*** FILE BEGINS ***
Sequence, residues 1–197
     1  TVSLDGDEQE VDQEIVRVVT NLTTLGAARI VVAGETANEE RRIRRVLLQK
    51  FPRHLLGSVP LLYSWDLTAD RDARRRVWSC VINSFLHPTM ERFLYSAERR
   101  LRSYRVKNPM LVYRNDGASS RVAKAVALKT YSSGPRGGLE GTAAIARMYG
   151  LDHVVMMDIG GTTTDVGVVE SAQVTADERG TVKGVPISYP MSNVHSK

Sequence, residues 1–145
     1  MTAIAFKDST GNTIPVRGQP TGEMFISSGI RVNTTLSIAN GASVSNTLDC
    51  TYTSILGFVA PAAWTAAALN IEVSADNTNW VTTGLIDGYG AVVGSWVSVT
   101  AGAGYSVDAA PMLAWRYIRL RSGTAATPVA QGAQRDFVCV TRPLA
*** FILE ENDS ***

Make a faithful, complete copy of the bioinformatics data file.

Sequence, residues 1–197
     1  TVSLDGDEQE VDQEIVRVVT NLTTLGAARI VVAGETANEE RRIRRVLLQK
    51  FPRHLLGSVP LLYSWDLTAD RDARRRVWSC VINSFLHPTM ERFLYSAERR
   101  LRSYRVKNPM LVYRNDGASS RVAKAVALKT YSSGPRGGLE GTAAIARMYG
   151  LDHVVMMDIG GTTTDVGVVE SAQVTADERG TVKGVPISYP MSNVHSK

Sequence, residues 1–145
     1  MTAIAFKDST GNTIPVRGQP TGEMFISSGI RVNTTLSIAN GASVSNTLDC
    51  TYTSILGFVA PAAWTAAALN IEVSADNTNW VTTGLIDGYG AVVGSWVSVT
   101  AGAGYSVDAA PMLAWRYIRL RSGTAATPVA QGAQRDFVCV TRPLA